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(Reuters) — The main trucking lobbies in the United States and Canada are warning that vaccine and testing requirements for workers will further disrupt supply chains because there is already a dire shortage of drivers.
The Biden administration has issued rules requiring truck drivers at companies with 100 or more employees to be vaccinated or submit to weekly testing, while Canada will require vaccines for truck drivers starting in January.
More than two-thirds of goods traded between Canada and the United States travel on roads and highways. For most of the pandemic, truckers crossed the border regularly as they were considered essential workers to keep supply chains flowing.
“We know that there already is disruption in the supply chain; this is going to intensify it,” said Stephen Laskowski, president and CEO of the Canadian Trucking Alliance, which represents some 4,500 carriers.
It estimates that 10-20%, or 12,000-22,000 of Canadian truck drivers, and 40%, or some 16,000, of U.S. truck drivers traveling into Canada would be sidelined if the requirement begins.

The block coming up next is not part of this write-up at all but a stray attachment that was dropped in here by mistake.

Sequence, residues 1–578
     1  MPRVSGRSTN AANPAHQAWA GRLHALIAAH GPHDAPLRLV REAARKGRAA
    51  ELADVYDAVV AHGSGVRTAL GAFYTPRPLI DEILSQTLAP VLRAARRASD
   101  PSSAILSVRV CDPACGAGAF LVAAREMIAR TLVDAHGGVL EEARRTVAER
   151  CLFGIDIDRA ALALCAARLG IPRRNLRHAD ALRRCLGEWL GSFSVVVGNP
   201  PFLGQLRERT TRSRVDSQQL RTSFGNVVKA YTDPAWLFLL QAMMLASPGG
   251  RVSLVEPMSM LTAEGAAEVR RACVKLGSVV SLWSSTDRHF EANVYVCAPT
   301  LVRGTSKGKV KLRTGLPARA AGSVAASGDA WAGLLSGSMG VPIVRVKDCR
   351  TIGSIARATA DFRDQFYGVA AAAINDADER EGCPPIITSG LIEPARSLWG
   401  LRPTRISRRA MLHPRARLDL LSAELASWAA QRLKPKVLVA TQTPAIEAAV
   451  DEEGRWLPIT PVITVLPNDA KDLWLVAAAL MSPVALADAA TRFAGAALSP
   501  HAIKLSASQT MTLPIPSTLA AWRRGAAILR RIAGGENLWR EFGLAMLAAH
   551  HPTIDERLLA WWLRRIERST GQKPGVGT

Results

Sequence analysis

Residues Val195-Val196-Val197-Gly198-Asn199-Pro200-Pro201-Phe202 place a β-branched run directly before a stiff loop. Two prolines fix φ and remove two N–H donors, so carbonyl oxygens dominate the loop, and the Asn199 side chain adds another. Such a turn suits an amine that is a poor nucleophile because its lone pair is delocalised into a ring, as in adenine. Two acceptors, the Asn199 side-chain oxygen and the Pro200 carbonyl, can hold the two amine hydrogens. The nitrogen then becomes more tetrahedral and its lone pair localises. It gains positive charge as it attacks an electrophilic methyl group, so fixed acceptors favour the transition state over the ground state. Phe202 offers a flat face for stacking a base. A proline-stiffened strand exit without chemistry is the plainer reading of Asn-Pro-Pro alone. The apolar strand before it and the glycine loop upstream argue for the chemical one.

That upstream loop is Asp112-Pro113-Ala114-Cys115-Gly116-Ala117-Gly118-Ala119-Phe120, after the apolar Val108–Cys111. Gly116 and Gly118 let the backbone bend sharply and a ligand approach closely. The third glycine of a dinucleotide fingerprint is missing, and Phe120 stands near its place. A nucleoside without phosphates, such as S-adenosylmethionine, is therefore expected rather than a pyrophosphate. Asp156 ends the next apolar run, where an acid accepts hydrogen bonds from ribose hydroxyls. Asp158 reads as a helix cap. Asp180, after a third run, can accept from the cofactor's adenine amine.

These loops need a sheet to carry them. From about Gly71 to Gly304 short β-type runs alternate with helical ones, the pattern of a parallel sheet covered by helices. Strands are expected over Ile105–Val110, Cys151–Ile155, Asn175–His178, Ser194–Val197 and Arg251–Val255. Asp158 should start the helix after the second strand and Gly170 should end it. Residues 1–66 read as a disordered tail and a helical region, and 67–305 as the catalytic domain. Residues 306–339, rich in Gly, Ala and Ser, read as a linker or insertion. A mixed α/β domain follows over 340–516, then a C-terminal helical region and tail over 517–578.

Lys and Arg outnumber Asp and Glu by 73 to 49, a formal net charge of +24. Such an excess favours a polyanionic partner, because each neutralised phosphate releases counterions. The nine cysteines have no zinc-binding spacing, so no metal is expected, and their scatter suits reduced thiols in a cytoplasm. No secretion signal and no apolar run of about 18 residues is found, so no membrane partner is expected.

“This is not a trucking issue. This is a Canada-U.S. economic issue,” Mr. Laskowski told Reuters, adding about 70% of the C$650 billion ($507 billion) U.S.-Canada trade moves by truck.
The American Trucking Associations, together with others, is seeking to block U.S. President Joe Biden's vaccine mandate in court.
A U.S. appeals court issued a temporary stay last month blocking the requirements. The court found “all else equal, a 28-year-old trucker spending the bulk of his workday in the solitude of his cab is simply less vulnerable to COVID-19 than a 62-year-old prison janitor.”
The Justice Department has asked another court to throw out the temporary stay, and a decision could come as soon as mid-December.
Supply chain problems caused by the pandemic have contributed to inflation in both countries rising to decades high.
“Given the nature of our industry and makeup of our workforce, (it) could have devastating impacts on the supply chain and the economy,” ATA President and CEO Chris Spear said in a statement.
In written comments filed with the Labor Department, the ATA said the nation's motor carriers could lose up to 37% of their drivers to “retirements, attrition to smaller carriers and/or conversion to independent contractor owner-operators.”